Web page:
Dear C Brown We have nominal registers of admissions to Reading Prison covering 1889 to 1915 which includes one for men for 1910-12 (ref. P/RP1/1/7). We also have Records of Convictions which are not dated, but thought to be c.1908 to 1915; ref. P/RP1/2/3 covers c.1910-13. If you would like to visit to look at these items, please see our Visiting and Using Us page and the Planning a Visit page. If you are unable to visit, we offer a research service and you can find out more about it on our Asking Us to do Research page which is also within the Visiting pages. If you do plan to visit or ask us to do research for you, please send us an email via our online Contact Us form (on the left of the website) as we can correspond in more detail. Hope this helps, BRO.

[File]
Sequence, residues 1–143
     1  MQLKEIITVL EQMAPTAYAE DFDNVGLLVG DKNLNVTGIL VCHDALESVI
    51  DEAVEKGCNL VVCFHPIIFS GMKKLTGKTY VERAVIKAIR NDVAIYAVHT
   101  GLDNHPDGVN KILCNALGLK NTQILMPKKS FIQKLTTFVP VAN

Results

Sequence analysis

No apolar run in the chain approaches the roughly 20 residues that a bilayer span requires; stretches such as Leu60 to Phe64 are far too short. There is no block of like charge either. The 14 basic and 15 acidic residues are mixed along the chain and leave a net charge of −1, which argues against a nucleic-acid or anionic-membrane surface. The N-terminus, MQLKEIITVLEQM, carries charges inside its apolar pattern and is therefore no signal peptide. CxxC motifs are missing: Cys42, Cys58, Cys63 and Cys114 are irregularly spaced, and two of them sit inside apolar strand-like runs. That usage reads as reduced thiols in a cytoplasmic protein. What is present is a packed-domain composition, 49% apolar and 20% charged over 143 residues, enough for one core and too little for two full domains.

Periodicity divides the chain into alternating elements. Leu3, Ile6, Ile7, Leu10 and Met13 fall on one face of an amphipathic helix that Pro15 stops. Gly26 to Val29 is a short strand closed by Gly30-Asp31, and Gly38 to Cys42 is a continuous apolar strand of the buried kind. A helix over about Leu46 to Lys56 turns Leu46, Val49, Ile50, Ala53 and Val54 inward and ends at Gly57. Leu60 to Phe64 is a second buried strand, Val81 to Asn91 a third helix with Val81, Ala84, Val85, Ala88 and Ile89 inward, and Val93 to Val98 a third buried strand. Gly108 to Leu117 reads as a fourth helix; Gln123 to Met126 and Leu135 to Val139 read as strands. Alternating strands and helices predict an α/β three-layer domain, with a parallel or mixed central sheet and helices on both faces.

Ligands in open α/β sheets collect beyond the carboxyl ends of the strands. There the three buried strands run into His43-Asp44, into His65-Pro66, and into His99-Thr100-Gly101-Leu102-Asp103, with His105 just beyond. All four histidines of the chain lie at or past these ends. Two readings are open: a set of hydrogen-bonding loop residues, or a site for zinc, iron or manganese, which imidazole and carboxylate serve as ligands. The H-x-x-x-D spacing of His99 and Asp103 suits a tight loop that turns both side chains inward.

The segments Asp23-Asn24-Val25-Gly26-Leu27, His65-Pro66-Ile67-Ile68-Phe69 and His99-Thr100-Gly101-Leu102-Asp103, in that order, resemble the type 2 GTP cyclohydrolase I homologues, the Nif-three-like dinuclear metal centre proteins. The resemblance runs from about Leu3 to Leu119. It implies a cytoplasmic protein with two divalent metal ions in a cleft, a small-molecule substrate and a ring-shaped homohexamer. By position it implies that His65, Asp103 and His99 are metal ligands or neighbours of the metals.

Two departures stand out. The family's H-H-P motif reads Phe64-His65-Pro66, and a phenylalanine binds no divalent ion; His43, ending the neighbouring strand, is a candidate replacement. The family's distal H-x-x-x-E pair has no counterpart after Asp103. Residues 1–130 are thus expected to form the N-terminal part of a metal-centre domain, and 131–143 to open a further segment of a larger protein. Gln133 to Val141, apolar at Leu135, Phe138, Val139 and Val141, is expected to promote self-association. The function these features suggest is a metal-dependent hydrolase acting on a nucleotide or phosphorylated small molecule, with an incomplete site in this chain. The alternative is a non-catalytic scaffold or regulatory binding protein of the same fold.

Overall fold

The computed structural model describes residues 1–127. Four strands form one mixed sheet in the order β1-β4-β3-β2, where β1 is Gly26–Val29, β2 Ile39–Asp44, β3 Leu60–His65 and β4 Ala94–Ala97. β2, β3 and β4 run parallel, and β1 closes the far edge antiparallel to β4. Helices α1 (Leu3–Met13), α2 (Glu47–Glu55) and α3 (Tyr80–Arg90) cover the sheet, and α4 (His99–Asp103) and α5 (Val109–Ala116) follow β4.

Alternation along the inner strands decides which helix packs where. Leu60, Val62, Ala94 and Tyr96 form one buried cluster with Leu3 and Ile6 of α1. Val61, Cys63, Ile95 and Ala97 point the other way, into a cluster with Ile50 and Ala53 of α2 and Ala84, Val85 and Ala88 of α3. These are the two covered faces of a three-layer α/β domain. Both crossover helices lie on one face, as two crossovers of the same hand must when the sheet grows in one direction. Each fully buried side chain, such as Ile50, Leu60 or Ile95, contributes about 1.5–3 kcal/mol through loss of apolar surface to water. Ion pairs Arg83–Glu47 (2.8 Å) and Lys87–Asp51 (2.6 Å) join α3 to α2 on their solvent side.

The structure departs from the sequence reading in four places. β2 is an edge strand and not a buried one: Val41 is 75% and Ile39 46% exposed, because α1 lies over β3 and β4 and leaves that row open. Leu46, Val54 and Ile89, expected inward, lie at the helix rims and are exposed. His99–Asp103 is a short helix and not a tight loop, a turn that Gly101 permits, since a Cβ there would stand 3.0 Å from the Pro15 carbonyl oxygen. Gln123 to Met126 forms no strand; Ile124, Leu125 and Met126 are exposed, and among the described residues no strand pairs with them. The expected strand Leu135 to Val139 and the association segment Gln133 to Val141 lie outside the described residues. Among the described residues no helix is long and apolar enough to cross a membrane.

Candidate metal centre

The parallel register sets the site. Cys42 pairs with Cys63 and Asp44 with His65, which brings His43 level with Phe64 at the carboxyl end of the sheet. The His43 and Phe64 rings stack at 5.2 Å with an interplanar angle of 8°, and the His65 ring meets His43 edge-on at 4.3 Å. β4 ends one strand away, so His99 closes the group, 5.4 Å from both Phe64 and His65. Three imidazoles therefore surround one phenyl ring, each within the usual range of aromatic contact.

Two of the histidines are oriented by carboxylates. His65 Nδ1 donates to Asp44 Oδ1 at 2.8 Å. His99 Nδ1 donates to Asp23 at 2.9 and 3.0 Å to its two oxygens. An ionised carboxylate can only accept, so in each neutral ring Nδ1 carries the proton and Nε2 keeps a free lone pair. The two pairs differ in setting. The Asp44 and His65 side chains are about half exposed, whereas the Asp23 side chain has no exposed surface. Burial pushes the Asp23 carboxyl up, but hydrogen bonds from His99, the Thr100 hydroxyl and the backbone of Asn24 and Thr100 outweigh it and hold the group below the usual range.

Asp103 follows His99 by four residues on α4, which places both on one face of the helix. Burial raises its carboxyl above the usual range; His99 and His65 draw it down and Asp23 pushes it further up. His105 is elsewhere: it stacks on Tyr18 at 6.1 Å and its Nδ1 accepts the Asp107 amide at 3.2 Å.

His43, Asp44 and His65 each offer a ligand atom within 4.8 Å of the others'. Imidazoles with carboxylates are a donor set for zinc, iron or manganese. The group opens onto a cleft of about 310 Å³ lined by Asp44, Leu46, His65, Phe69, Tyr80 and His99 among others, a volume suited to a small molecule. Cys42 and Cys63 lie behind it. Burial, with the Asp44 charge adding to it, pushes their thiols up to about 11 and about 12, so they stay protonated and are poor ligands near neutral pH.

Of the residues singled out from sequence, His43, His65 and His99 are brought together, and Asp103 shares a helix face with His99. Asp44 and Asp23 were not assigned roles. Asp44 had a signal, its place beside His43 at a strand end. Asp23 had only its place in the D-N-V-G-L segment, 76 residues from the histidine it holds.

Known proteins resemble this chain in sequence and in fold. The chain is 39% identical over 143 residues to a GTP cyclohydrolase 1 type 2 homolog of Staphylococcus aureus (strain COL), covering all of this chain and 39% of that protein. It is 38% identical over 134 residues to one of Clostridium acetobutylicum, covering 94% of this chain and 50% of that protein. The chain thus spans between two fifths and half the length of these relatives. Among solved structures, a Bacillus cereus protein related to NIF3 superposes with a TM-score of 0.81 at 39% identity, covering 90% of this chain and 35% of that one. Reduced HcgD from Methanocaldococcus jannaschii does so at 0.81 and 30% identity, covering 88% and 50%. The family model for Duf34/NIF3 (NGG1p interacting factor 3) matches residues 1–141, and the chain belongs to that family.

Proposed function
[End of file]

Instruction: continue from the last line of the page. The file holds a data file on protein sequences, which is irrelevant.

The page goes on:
DVA
Posted on the : 9 Oct 2016

re:and more recently (in 1984) a prisoner escaped through a window in the visitors area, but was recaptured. My understanding was he just walked out with the visitors because they changed the whole set up the day after such that the prisoners could leave with the visitors.

Kim Smith
Posted on the : 4 Nov 2016

My grandfather was a prison officer at Reading, probably from around the late 1960's to 1990 but is there any way I can find out more information on when, and what his role was there? I also know that he lived there with my grandma and my dad in a house that over looked the river, but then moved to a prison officer house in Earley. I'd love to find out more if possible?

BRO
Posted on the : 8 Nov 2016